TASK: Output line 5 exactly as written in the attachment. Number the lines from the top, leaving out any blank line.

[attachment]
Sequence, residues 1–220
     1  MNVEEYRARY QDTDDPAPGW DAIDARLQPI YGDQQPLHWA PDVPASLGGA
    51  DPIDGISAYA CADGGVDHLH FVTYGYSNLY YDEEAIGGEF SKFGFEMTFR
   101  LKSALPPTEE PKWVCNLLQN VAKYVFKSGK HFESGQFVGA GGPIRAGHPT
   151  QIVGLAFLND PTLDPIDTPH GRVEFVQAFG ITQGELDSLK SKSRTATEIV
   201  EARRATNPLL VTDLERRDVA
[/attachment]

   151  QIVGLAFLND PTLDPIDTPH GRVEFVQAFG ITQGELDSLK SKSRTATEIV